Sea History 057 - Spring 1991

Page 48

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cultural contexts. The pre-contact population in the western hemisphere is estimated to have been between 8.4 million and 112.6 million, depending on the scholar and the technique used to generate these data. In 1492 the population of the rest of the world may have totalled 500 million. Thornton explains how these figures are derived and accepts the estimate of 72 million Native Americans, of which 7 million lived north of the Rio Grande. By 1800 the Indian population of the US had dropped to 600,000 while the nonIndians had increased to 5 million. Originally, the main causes of death for pre-contact Native Americans were warfare, human sacrifice, accident, infant and female mortality in childbirth, famine and parasitic disease. European explorers and settlers brought the intentional and unintentional extermination of Native American populations through epidemic diseases, including alcoholism, and through warfare and genocide. Thornton 's description of these early processes is a prelude to his discussion of later US governmental policies. The Indian Removal Act of 1830 relocated eastern tribes to lands west of the Mississippi, and then the General Allotment Act of 1887 parceled out portions of those lands to individual Indians, opening the remaining acres to non-Indian settlers. In 1934 the Indian Reorganization Act revived Indian self-goverment, but by 1975 the US had terminated its relationship with 61 tribes. At the same time, Indians moved to urban areas, away from their supportive home communities and traditional life styles. Native Americans frequently responded to their poor conditions by appealing for supernalural intervention. As an example, Thornton traces the development of the Ghost Dance movements of 1870 and 1890. These attempts by some Indians to relieve their situation were formalized, well-documented, and ultimately ineffectual. In the twentieth century, the population decline reversed until the Indian birth rate peaked in 1964. Thornton suggests that factors in this change included the increasing quality of health care, intermarriages between individuals of different tribes and with non-Indians, and changing the legal (separate from the ethnological) definitions of what it means to be Indian to include such biological mixing. By 1980, the census showed that there were 1.37 million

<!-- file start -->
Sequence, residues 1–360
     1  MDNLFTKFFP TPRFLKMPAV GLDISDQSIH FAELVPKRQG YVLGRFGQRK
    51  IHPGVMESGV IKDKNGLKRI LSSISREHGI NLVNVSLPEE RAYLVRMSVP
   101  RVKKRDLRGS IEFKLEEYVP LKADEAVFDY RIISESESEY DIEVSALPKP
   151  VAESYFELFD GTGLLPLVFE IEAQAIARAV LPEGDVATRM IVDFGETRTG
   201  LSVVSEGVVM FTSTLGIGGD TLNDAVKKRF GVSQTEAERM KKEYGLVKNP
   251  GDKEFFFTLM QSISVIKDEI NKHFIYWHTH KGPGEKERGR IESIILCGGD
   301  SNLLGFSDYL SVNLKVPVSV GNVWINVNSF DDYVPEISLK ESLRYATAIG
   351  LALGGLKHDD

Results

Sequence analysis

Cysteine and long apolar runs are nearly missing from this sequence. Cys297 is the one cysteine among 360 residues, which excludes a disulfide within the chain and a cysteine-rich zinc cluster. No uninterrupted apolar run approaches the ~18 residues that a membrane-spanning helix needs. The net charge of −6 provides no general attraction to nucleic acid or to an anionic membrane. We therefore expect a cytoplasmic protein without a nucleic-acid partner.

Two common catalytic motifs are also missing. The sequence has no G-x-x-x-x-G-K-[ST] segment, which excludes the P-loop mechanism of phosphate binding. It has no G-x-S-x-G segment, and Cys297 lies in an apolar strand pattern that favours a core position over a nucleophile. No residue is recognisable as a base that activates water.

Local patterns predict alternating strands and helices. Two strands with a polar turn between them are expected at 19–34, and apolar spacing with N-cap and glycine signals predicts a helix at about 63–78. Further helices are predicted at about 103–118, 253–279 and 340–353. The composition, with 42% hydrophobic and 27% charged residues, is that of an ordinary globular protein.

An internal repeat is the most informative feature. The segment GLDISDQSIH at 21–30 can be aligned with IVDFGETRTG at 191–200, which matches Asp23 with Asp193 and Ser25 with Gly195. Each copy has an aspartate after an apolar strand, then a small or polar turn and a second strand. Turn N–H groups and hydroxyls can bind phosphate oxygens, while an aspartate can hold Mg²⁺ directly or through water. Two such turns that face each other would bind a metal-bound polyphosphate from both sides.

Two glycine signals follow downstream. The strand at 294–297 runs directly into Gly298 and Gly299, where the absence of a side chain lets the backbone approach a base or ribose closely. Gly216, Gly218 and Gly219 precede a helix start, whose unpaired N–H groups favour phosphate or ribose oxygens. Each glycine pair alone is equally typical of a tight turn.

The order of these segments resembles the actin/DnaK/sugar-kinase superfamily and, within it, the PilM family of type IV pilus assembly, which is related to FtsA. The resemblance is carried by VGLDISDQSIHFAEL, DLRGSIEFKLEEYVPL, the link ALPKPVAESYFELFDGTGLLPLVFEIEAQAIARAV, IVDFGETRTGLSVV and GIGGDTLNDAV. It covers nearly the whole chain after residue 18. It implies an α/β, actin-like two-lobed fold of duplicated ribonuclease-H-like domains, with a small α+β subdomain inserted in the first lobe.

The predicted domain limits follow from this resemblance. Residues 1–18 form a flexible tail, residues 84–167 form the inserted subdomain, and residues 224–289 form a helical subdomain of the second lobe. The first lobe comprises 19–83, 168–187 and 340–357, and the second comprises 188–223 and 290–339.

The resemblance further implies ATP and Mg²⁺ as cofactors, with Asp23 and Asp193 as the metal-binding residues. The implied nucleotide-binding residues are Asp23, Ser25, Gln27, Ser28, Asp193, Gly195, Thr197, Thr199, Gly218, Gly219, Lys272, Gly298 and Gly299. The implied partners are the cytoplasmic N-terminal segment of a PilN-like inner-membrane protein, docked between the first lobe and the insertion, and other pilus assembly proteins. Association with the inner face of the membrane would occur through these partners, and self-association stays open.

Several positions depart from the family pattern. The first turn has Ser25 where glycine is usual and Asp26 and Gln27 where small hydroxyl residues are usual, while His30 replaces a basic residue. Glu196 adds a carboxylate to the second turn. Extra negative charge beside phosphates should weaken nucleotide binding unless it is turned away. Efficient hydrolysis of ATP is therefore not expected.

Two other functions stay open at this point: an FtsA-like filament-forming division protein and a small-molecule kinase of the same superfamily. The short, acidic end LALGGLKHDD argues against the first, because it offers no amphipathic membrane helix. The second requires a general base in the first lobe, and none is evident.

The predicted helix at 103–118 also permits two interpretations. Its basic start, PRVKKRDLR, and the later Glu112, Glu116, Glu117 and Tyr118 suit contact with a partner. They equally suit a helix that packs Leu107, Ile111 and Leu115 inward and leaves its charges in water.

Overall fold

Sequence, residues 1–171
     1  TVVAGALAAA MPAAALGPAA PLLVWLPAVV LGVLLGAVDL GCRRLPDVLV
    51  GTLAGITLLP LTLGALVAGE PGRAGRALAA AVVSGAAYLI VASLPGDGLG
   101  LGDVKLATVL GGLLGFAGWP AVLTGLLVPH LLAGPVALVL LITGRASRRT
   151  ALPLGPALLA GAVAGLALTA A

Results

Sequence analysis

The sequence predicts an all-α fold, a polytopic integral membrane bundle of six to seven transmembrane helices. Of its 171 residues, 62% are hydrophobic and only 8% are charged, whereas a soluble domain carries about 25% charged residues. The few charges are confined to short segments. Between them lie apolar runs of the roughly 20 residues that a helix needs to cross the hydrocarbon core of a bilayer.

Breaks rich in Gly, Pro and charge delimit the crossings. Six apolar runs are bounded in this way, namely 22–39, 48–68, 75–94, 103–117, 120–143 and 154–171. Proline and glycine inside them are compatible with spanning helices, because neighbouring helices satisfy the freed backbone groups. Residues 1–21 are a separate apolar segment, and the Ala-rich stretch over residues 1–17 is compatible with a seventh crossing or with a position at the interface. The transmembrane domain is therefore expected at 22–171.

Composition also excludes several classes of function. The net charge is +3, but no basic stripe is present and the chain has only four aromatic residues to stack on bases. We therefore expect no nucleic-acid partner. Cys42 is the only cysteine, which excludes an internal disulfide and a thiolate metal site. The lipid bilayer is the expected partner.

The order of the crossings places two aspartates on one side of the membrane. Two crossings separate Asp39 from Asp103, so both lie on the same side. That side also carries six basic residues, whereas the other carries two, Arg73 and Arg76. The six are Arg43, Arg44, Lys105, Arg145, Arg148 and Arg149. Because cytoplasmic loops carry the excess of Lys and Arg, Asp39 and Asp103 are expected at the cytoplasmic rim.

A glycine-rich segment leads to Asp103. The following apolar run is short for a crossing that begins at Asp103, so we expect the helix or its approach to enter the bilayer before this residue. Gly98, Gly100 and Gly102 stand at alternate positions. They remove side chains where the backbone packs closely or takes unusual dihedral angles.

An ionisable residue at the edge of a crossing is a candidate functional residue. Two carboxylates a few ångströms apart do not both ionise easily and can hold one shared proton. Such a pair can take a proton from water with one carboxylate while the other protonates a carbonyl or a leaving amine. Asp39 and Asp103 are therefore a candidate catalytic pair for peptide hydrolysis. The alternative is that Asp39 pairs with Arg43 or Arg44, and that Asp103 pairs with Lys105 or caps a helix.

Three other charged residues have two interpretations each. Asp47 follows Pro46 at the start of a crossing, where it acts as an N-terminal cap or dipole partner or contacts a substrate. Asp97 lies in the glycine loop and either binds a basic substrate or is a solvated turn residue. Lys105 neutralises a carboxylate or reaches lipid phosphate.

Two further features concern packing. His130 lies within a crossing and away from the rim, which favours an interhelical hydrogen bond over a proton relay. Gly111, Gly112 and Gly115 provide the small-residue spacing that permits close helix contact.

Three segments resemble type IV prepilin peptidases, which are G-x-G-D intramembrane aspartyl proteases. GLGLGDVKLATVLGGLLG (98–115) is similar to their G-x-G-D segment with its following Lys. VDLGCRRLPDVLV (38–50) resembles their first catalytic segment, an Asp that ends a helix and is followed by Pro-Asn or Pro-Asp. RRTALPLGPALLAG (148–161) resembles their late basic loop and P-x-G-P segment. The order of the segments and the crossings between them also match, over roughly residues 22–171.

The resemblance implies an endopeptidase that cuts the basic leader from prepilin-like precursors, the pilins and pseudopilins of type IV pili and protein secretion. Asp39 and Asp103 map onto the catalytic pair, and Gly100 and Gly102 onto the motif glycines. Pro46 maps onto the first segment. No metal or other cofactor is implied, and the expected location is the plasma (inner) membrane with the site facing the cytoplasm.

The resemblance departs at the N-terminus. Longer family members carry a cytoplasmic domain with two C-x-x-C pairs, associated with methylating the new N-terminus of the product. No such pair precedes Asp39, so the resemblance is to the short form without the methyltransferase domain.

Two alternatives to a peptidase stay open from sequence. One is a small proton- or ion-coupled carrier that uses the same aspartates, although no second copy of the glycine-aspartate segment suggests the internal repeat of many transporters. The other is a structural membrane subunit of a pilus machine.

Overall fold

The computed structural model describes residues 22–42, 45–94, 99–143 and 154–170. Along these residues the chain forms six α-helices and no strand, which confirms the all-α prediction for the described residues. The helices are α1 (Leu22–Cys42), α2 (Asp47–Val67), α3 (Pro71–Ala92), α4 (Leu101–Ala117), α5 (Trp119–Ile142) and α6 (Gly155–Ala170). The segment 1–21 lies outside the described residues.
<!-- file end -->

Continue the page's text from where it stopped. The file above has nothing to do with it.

Indians in the US with 900,000 individuals enrolled in the 300 federally recognized tribes. Thornton provides a balanced synthesis, using a good variety of sources. There are a few minor errors and omissions. For instance, he defines the Spanish adelantados only as advancers and completely ignores the Black Legend debate. Although some of the chapters read as if they had been prepared as separate papers, Russell Thornton writes well and the technical explanations of demographic methodology are set in clear, understandable prose. American Indian Holocaust and Survival would make a good undergraduate text and should be added to any American Indian history bookshelf. D. K.

ABBASS

Newport, RI Reprinted with permission from Terrae Incognitae, V. 21 , 1989. Dr. Abbass is a member ofthe NMHS Advisory Council.

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